‘Truth Alone Will Prevail’: Anil Ambani on Rafale Deal Allegations
Terming the allegations as “baseless, ill-informed and unfortunate,” Ambani said, “truth alone will prevail”.
On a day when finance minister Arun Jaitley and Congress president Rahul Gandhi traded fresh charges on the Rafale deal, Anil Ambani, who has won the controversial contract from the French firm, on Wednesday, 29 August, said “truth will prevail”.
Terming the allegations as "baseless, ill-informed and unfortunate," Ambani said, "truth alone will prevail" as the charges are driven by "malicious vested interests and corporate rivals."
Ambani was responding to a question from the media as to why he chose to exclude the Congress president in the Rs 5,000-crore defamation case filed by his company on the Rafale deal.
"I have personally written to Gandhi stating that the Congress has been misinformed, misdirected and misled on the Rafale deal by malicious vested interest and corporate rivals," he told reporters after announcing completion of the sale of RInfra's power business in Mumbai to the Adani group for Rs 18,800-crore.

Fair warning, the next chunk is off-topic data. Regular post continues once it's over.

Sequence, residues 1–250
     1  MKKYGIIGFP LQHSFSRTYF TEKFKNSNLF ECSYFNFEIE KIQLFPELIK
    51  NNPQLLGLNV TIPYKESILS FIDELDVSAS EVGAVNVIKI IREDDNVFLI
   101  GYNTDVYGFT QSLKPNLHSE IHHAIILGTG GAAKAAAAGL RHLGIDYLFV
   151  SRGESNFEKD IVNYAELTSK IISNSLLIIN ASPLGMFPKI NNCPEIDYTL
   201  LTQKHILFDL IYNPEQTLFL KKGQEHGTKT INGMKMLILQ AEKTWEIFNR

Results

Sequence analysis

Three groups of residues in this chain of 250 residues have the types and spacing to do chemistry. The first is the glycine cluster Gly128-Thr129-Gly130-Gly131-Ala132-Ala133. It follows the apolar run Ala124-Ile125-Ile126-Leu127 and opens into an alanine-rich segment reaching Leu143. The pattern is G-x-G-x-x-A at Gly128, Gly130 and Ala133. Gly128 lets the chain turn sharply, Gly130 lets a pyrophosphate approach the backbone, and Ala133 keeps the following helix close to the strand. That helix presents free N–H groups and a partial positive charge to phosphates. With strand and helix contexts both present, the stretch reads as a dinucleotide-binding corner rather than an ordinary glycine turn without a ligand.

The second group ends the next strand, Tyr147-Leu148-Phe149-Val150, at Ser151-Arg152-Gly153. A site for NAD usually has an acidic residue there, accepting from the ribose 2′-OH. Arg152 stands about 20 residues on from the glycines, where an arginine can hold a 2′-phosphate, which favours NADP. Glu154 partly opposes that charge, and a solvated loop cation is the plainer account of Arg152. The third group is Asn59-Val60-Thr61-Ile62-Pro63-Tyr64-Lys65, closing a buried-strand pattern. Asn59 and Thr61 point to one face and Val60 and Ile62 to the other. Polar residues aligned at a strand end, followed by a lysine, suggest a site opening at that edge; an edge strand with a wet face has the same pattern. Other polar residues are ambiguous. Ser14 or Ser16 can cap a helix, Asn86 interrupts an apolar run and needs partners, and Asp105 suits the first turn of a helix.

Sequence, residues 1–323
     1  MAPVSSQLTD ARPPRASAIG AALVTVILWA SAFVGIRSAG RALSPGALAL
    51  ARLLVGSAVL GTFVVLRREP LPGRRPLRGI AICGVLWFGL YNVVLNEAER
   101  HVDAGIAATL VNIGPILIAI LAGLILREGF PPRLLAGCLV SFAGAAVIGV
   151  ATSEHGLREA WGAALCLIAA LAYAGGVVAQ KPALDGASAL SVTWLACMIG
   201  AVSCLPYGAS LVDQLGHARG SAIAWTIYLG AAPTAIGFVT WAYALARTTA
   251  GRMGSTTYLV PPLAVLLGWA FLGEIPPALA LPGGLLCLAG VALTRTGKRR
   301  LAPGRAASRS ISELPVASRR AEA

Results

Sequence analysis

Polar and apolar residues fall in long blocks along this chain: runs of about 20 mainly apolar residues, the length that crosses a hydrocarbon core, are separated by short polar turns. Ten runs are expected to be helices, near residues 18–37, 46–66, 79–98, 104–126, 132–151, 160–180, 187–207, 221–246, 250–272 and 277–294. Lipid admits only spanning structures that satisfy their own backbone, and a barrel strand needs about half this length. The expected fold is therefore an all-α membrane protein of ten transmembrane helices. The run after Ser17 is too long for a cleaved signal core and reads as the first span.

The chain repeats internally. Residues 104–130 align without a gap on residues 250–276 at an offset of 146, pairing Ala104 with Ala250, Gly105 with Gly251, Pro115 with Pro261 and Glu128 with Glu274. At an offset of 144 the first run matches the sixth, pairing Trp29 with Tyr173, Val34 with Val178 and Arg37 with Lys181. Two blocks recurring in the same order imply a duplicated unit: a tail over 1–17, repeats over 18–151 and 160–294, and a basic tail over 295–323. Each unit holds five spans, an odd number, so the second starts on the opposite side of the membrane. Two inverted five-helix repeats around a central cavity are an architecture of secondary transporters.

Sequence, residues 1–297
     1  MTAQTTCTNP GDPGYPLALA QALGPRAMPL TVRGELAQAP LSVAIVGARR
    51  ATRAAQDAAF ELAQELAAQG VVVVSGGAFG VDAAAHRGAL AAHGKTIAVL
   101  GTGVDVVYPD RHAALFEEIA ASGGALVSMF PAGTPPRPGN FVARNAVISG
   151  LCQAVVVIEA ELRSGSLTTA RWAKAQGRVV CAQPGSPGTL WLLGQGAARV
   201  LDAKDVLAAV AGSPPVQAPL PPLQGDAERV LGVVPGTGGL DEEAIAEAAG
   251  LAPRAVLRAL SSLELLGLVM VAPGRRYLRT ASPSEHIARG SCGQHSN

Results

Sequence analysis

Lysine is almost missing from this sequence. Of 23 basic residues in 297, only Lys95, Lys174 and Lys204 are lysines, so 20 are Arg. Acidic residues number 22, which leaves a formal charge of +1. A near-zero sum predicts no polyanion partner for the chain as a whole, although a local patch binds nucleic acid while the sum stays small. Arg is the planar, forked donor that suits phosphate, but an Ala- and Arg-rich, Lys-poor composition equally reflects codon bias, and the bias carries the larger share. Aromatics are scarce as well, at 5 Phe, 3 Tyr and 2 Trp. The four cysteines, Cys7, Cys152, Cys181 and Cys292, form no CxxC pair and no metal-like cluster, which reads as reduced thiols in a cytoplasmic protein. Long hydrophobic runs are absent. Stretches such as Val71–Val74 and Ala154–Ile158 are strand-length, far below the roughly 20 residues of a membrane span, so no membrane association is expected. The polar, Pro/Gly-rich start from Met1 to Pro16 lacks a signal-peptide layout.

Parrying another question whether he would, if needed, file a defamation case against Gandhi as well in the case, he said "all the allegations are as baseless, ill-informed and unfortunate."
In a series of exchanges, Jaitley and Gandhi accused each other with the former accusing the latter of "peddling in untruth", and the latter responding by terming it as "the great robbery".
It all started with Jaitley, in a Facebook blog, posting a set of 15 questions for Gandhi in response to Congress posers on the multi-billion dollar deal.
He said the 36 Rafale fighter jets which the BJP-led government is purchasing are 20 percent cheaper than the ones the UPA government had received.
Charging Congress with carrying out a "false campaign", he sought Gandhi's response on questions varying from delays in finalising the fighter jet order to procedural knowledge and foreign supplier being allowed freedom to choose private partner to meet offset requirement.
Gandhi responded by calling the deal "the great Rafale robbery" and alluded to prime minister Narendra Modi trying to protect his business friend.
Rahul Gandhi had tweeted:
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